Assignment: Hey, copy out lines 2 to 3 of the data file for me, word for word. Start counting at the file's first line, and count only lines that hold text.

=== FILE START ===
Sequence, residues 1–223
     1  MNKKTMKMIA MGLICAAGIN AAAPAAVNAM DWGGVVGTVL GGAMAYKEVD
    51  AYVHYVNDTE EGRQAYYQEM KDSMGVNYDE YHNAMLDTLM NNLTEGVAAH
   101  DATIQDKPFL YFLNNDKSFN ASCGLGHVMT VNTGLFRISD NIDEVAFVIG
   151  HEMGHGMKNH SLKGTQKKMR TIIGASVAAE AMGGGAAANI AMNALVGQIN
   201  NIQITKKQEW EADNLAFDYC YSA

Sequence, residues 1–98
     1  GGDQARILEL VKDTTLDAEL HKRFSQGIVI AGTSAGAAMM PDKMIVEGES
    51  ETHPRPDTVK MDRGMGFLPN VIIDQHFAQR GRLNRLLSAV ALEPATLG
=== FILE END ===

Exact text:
     1  MNKKTMKMIA MGLICAAGIN AAAPAAVNAM DWGGVVGTVL GGAMAYKEVD
    51  AYVHYVNDTE EGRQAYYQEM KDSMGVNYDE YHNAMLDTLM NNLTEGVAAH